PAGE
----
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Issue 03/2020

  • Text
  • Additives
  • Masterbatches
  • Carbon
  • Renewable
  • Biobased
  • Biodegradable
  • Products
  • Materials
  • Plastics
  • Bioplastics
Highlights: Additives/Masterbatches Marine Littering

Opinion What about

Opinion What about recycling of T he polyhydroxyalkanoate (or PHA) platform consists of products that meet the needs of all known end-oflife options. In this article we shall explain the details behind this statement and its implications. In numerous countries and geographic areas people are rightfully fed-up with the plastic waste streams they see everywhere, including on land and in rivers, lakes and oceans. This plastic waste mountain is growing rapidly year after year, but while the visible part of our plastic waste is readily apparent, the non-visible part is even larger. There are at least two main reasons driving the increased rate of this invisible waste: first, more than 90% of the plastic waste in our water streams sinks to the bottom due to fouling of the plastic waste surfaces; and second, plastic microparticles from our clothes and a large variety of products we use daily not only end up in water streams, but also show up on land and in our food chain in unseen ways. Needless to say, action is long overdue. There are excellent initiatives in place to retrieve plastic waste from oceans and rivers, but that retrieval can lead to a simple recycling of those plastics to make articles that people then throw back into the oceans again. We can subsequently retrieve that waste again from the ocean, and while that is technically a circular economy, it certainly is not one that we should aspire to create. Also, many legislative efforts around the globe aim to curb undesired plastic waste streams. The approach often taken by legislators has been to outright ban the use of large-volume fossil-based polymers for many single-use plastic articles to avoid the visible or environmental harm they can cause on land or in water. Some legislators aim to replace currently used polymers with biodegradable polymers, but they are still in the process of defining what that means. Others tend to only allow the use of natural materials for single-use applications, since those “are biodegradable in nature”. However, natural materials like wood are not biodegradable in water. Wood consists of cellulose and lignin, the latter of which is not biodegradable in a marine environment because it needs fungi to biodegrade, an organism that is not present in water. Consider the fact that wooden shipwrecks lie on the bottom of the ocean for centuries. So the question is: “How can we remedy the challenge lying before us?” In the ideal situation we are looking for innovative, new materials that can be used in a large variety of applications and for which all known end-of-life options are a possibility. After taking steps to reduce use and redesign plastic articles, legislators, manufacturers, retailers and communities should consider the end-of-life options as depictid in table 1. One cannot be selective and use just a few of these end-oflife options; they are all important and critical to ensuring as much material as possible is responsibly recycled, reused or composted. If this can be accomplished with new, innovative materials that account for all these options, then manufacturers can ensure their products minimally impact the environment regardless of whether people are disciplined enough to recycle material the way it is supposed to be. If people instead are purposely or accidentally wasting material by throwing it away on land or in water streams, then full biodegradation is a musthave. For further context, see additional remarks in the box on each of the end-of-life options mentioned in table 1. Polymeric materials that can fully meet a comprehensive combination of end-of-life options include cellulose, a large number of PHA-polymers, and starch or a combination of each of these. All these materials already occur in nature as they are made by biological synthesis through bacteria based on natural nutrients or feedstock. A large variety of micro-organisms are known to make several different PHA-polymers in nature using different sources of nutrients and depending on their environment. These polymers serve as nutrients and energy sources and are known to be part of the metabolism of living organisms including plants, animals and humans. PHA resins are a series of natural bio-benign materials that have appeared in nature for millions of years, similar to other natural materials like wood, other cellulose-based products, proteins and starch. During the last 20-30 years, dozens of initiatives from all over the world have started to make PHA materials viable for durable and structural applications as an alternative to chemically synthesized polymers. This is accomplished by mimicking nature in a consistent way. Table 1: Endf of life options 1. Recycle articles to be used again re-use the article 2. Recycle articles back to the polymer use the polymer for new applications 3. Recycle articles for raw materials use renewable carbon as feedstock 4. Recycle to environment composting industrial or home composting 5. Recycle articles for incineration produce renewable energy 6. Recycle to nutrients for living organisms full biodegradation, denitrification 36 bioplastics MAGAZINE [03/20] Vol. 15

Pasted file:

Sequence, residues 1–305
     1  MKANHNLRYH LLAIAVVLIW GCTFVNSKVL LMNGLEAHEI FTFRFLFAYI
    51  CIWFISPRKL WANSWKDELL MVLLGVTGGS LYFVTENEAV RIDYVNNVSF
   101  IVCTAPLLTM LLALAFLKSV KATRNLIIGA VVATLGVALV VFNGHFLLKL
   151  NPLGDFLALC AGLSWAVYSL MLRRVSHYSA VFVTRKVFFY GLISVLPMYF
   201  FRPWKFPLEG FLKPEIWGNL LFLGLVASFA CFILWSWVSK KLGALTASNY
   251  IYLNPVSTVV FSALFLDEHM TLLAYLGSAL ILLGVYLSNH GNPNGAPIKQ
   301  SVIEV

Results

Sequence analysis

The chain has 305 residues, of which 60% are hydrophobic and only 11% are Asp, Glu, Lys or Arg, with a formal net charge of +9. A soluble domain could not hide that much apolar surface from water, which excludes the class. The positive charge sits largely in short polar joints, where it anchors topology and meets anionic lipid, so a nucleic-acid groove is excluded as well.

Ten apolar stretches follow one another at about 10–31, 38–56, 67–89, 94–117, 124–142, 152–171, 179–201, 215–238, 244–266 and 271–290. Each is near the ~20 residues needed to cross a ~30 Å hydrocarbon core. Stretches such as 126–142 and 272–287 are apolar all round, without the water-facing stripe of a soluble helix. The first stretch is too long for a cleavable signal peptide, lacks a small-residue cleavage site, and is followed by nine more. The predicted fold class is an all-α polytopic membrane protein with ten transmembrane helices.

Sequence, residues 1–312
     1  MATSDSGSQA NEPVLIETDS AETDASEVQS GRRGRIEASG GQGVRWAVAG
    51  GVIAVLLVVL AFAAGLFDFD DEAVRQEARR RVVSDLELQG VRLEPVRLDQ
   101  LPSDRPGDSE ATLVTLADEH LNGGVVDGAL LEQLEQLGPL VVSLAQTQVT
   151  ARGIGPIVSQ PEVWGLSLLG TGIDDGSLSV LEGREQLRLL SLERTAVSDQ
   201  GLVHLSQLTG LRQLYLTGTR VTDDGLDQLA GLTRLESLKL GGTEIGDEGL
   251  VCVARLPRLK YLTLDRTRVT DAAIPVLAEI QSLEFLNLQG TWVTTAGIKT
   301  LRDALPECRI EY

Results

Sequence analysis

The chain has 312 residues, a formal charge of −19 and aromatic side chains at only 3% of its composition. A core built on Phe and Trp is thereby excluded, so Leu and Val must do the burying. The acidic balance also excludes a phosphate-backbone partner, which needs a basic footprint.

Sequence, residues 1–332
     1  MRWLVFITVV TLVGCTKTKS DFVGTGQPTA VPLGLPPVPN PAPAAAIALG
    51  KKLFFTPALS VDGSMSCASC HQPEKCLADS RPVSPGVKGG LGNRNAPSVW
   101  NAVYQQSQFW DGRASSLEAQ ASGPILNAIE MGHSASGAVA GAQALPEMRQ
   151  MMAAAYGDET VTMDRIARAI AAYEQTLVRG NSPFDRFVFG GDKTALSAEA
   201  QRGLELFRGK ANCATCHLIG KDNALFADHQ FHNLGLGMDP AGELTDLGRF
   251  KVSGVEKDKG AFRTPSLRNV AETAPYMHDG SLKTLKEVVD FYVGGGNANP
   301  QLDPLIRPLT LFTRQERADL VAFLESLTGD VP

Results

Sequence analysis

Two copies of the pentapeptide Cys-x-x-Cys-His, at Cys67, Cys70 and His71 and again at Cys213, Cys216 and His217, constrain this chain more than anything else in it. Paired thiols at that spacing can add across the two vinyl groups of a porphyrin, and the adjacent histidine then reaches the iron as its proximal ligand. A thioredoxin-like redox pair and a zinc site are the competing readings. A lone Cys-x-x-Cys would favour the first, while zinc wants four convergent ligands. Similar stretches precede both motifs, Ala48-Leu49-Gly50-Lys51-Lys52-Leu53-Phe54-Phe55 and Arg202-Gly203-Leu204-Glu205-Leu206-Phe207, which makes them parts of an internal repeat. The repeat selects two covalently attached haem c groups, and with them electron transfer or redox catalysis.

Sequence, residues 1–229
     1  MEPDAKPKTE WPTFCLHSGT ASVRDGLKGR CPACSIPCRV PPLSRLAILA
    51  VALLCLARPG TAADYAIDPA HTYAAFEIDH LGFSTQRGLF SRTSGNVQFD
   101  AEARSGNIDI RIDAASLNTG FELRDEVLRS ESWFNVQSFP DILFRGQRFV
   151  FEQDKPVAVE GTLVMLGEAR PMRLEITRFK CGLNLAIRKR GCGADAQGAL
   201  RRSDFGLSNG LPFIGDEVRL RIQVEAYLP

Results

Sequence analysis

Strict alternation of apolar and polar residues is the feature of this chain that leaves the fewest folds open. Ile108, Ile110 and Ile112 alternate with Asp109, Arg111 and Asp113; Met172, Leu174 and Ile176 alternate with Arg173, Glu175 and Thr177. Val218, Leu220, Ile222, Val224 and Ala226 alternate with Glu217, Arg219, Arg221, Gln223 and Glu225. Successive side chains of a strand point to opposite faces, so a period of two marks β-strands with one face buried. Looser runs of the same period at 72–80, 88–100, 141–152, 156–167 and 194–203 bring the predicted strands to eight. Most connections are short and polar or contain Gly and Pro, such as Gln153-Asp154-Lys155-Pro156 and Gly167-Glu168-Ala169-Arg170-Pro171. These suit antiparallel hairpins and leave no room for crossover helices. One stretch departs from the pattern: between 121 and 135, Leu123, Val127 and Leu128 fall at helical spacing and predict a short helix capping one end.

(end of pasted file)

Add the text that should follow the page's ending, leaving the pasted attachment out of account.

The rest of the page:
Recycling By: PHA-polymers? Jan Ravenstijn Consultant renewable materials & Co-founder of GO!PHA Meerssen, The Netherlands Phil Van Trump CTO Danimer Scientific Bainbridge, Georgia, USA Today manufacturers have demonstrated the conversion of many different feedstock sources, like gas, liquid or solid waste streams, to PHA polymers. After-use value chains are also being created for several waste streams to fuel PHA production, resulting in a circular economy. PHA materials can substitute petroleum plastics for onetime-use applications that often, whether by design or improper waste management, end up in the environment. This could include micro-beads in cosmetic products, drinking straws and more. Biodegradation of PHA materials in all environments, including compost, soil and water, is comparable to or faster than cellulose (i.e. paper). PHAs can partly substitute any of the traditional fossil-based polymer families, so the accessible market for these materials is vast. Depending on the type and grade, PHA materials can be used for injection molding, extrusion, thermoforming, foam, non-wovens, fibers, 3D-printing, paper and fertilizer coating, glues and adhesives. It can additionally be used as an additive for reinforcement or plasticization or as a building block for thermosets in paints and foams. Also, their use in medical applications like sutures and wound closures is already commercially viable because the material is bioresorbable. A variety of PHA-polymers are currently made at industrial scale and these polymers have been demonstrated in at least 24 product-market combinations. Although PHA polymers cannot replace all existing fossil-based polymers, they technically fit in a large number of applications as a first step. The PHA-platform is an emerging new polymer platform and the major world producers today are small to mid-size enterprises. Industrialization of this new polymer platform started in 1992 and currently moves from the embryonic to the early-growth stage, while several companies around the globe have built and are building new large-scale manufacturing capacities. www.gopha.org | www.danimerscientific.com 1. Recycle articles to be used again Many plastic articles are already re-used on a regular basis, such as large soft drink bottles, sturdy plastic shopping bags, beer crates and many others. Although it is beneficial to re-use these articles many times, the wear on these items all the time will generate primary micro-plastics that often end up in the world’s oceans. A good example of this can be found in the use of synthetic fibers for products like T-shirts. T-shirts are used and re-used on a regular basis, but every time they are washed in the laundry, they lose fibers to the waste water stream. According to the International Union for Conservation of Nature, synthetic fibers are responsible for 35% of the primary micro-plastics that end up in the world’s oceans. This adds up to many thousands of metric tons of plastic every year. When products need to be re-used often, they should be made from a material that is biodegradable in case the micro-plastics they produce end up in the ocean. 2. Recycle articles back to the polymer Recycling to polymer is common for polymer-based articles that are sold in very large volumes, and the logistics to funnel these used articles back into a polymer processing plant are worth organizing. In the recycling process, the polymeric material is melted and put into a different form. An example of this in action is how polyethylene terephthalate (PET) in bottles can be recycled and then used for spinning synthetic fibers. All thermoplastics can be recycled this way provided they are obtained in a relatively pure form. The issue is that polymers become weaker and less pure after they are re-melted and re-processed more than 2 or 3 times. Every time they are recycled, the polymer molecular weight reduces, and their physical properties will deteriorate. Eventually, the material will need to be disposed of in another manner. 3. Recycle articles for raw materials This form of recycling can be done for all carbon-containing materials, including most thermoplastic and thermoset polymers. Even if a material is “contaminated” with other organic waste streams, it can be used as feedstock for manufacturing chemicals. This source of renewable carbon is called “Renewable Carbon from the Techno-sphere” in a report from the nova Institute, written by Michael Carus. Several global companies have developed technology and built manufacturing plants to produce renewable chemicals from these recycling streams. Contaminated plastic waste pulled from oceans can be used as a source for this process. 4. Recycle to environment composting Composting may refer to industrial or home settings. Industrial composting takes place at elevated temperatures and was originally developed to manage agricultural, forestry and garden waste streams by turning them into a useful product: compost. Standards have been developed to demonstrate whether polymers are industrially compostable, and they typically define a part thickness for the material that is tested. It should be noted that thicker parts take much longer to fully biodegrade. Home composting is done at ambient temperatures, which means that materials that biodegrade under industrial composting conditions may not biodegrade under these milder conditions. To account for this there are separate standards for home compostable material. Polymers that qualify for composting are usually aliphatic polyesters, cellulose and starch. However, some limited aromatic structure can be allowed in the polyesters. 5. Recycle articles for incineration If there is no option to recycle polymeric materials according to any of the abovementioned methods, one can always use the energy captured in these polymers for making electricity. A similar principle to recycling articles for raw material applies here, albeit that in this case the results are not new chemicals, but energy instead. The downside to this method is that it can produce more carbon in the atmosphere. If done in a controlled way, the generated CO2 from this process can be used as raw material again. If not, non-carbon sources, like sun, wind, tidal, white water or nuclear, are more preferred sources of energy. 6. Recycle to nutrients for living organisms Living organisms like bacteria and fungi feed on nutritious materials, so when polymeric materials end up on land or in water streams, either by design or accidental, they could serve as nutrients for these organisms. There are several polymers that biodegrade on land, but the number of polymers that also biodegrade in fresh and salt water is limited. Polymers such as PHAs that are currently produced industrially meet this requirement. There is an additional functionality of PHA polymers that minimizes their environmental impact: they can denitrify waste water streams, because they act as a solid-state carbon source that converts nitrogen compounds, like nitrates, nitrites and ammonia, into nitrogen gas (cf. article on p 38) bioplastics MAGAZINE [03/20] Vol. 15 37